Today is the 423 day of the blockade imposed against Qatar by Saudi Arabia, United Arab Emirates, Bahrain, and Egypt.
Qatar’s government press office on Tuesday dismissed the report as “fake news” in a statement sent to Al Jazeera, a day after the broadcast which has now been circulated online.
Monday’s report by the Emirati channel came as Saudi Arabia, the United Arab Emirates and Bahrain continue a blockade against their Gulf neighbour, Qatar. The trio alleges that Doha supports “terrorism”, claims Qatar strongly denies.
“This is just the latest example of fake news created by the blockading countries,” Saif Al Thani, director of Qatar’s government press office, told Al Jazeera.
“The blockading countries are becoming increasingly desperate in their efforts to isolate Qatar because the international community has not been fooled by the smear campaign. They are now continuing their focus on public opinion; they are spending millions on creating fake news.”
— جابر بن ناصر المري (@JnAlMarri) August 21, 2017
Doha-based Twitter user @JnAlMarri tweeted the clip of the false report, saying: “What does media in Qatar have to say about this? For God’s sake, who is willing to believe this?” His tweet has been shared almost 1,000 times.
In the broadcast, reporter Maryam Al Awadhi says: “Turkish troops have been deployed on key street intersections of Doha, Qatar, in response to demonstrations by Qatari citizens.”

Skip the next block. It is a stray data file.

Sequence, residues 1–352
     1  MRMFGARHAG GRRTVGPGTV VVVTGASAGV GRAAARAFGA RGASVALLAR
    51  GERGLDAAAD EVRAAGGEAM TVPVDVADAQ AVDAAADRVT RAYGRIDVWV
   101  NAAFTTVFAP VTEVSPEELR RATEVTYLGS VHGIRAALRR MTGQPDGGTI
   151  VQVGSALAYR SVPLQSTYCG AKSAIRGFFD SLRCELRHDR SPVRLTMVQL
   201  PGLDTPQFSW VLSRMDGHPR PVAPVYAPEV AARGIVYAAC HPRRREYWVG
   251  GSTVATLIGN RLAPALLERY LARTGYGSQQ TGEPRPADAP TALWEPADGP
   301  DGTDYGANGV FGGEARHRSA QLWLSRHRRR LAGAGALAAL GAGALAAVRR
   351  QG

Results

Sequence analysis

The Dubai TV presenter claimed to base her reporting on “sources within the Qatari opposition”.
A “curfew” was imposed on several parts of Doha after Qatari and Turkish troops fired tear gas at protesters, the report incorrectly claimed.
A Qatari government official, speaking on the condition of anonymity because he was not authorised to speak to media, told Al Jazeera: “It is obvious that this report is fiction and is part of a bucket of lies the blockading countries have been spreading against Qatar.”
Earlier this week, Qatar filed a complaint with the International Civil Aviation Organization (ICAO) after a Dubai-based Saudi-owned channel, Al Arabiya TV, aired a video animation showing a Qatar Airways passenger jet being shot down.
That video speculated that in the event of a Qatari civilian jet accidentally travelling through Saudi airspace – which was closed after the blockade was announced in June, the kingdom’s air force would be covered by international law to bring down or even shoot down the civilian aircraft.
Follow Ali Younes on Twitter: @ali_reports